Sister Patricia McNamee, SNDdeN (formerly Catherine James)

Sister Patricia McNamee, SNDdeN (formerly Catherine James)

 May 9, 1930 - December 11, 2014


Florence Patricia McNamee described her father’s family as Irish immigrants escaping the Potato Famine and her mother’s family as farmers and coal miners, who took root in the land of Southwestern Ohio. Born in the small farming community of Buchtel, this oldest child and only daughter of James and Florence McNamee was a vivacious little girl nicknamed “Peaches” by her family. She met the Sisters of Notre Dame de Namur when she started the second grade at Saint John’s in Logan, Ohio. There she also learned the story of Saint Julie Billiart, foundress of the Sisters of Notre Dame. Perhaps it was a resonance with Saint Julie’s vivaciousness and joy, as well as Pat’s own desire to grow closer to God that led her to Maryhurst, the Candidacy of the Sisters of Notre Dame de Namur in Columbus, Ohio. Pat lived there during the school year for four years while attending high school at St. Joseph’s Academy. Her last two summers during high school found her working at the Main Office of the C&O Railroad in Logan replacing ticket agents, freight agents and freight checkers as they took their annual vacations.

In addition to her academic work, Pat studied piano for 12 years and entertained the thought of going on to become a concert pianist. However, Pat’s years at Maryhurst had deepened her desire to serve others; and she decided she could best do that as a Sister of Notre Dame de Namur. She entered the community on February 2, 1949, and received the name Sister Catherine James.

Central in Pat’s life was her belief in each individual as a beloved child of God, uniquely gifted. She lived this belief in community, which she saw as a place to come to know one’s self more deeply through interaction with others. She described the dynamic as a willingness to accept each other as unique persons, kindly and sincerely being open to a sister’s revelation of self that in turn deepened her own desire to improve herself and share herself with others. She lived this belief through ministry saying, “Teaching, to me, is showing respect for the dignity of the individual…. Each child is a person and my thrill comes in discerning actual as well as potential gifts in a child, using patience, understanding, sincere love and interest to help them develop these gifts gradually.” Both community and the classroom were to be places of security, acceptance and love where each child of God could grow into their giftedness and share that giftedness with others. This core belief is part of what made her such an outstanding Montessori teacher.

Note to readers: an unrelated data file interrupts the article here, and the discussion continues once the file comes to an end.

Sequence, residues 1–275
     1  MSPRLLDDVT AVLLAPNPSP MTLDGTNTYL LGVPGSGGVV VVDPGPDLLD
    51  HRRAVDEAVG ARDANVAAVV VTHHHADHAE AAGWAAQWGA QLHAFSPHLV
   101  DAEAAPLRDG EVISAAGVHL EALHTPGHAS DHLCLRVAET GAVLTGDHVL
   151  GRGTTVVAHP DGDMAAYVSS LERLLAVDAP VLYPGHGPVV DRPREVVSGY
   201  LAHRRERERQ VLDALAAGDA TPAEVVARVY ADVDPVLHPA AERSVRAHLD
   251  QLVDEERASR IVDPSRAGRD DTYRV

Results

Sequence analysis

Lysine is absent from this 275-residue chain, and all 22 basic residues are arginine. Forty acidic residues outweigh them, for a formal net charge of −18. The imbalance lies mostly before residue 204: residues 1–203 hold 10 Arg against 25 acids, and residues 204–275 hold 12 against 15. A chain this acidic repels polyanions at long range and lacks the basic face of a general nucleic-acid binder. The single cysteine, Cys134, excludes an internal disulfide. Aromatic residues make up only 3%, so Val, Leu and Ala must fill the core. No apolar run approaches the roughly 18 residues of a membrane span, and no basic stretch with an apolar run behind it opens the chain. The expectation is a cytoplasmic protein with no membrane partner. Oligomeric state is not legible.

While on staff at St.Richard of Chichester, Pat wrote, “I love teaching – I seem to have a gift for it –whether this is true of just lower grades or not, I don’t know. I believe I am where I am for God’s own reasons…I came to serve.” She spent her entire teaching career working in the primary grades where her excellence as a Montessori teacher took her into the public school system. Evaluations from those years speak of her “excellent rapport with each of her students”, “successful nurturing of positive self image in her students”, “effective utilization of classroom space to create areas conducive to work”, “ability to assess needs and then to program to meet them” and her “consistency in maintaining a professional attitude in all situations with the children, staff and parents.” Sisters who lived with her tell of her total dedication to her students and the hours she spent creating effective Montessori materials.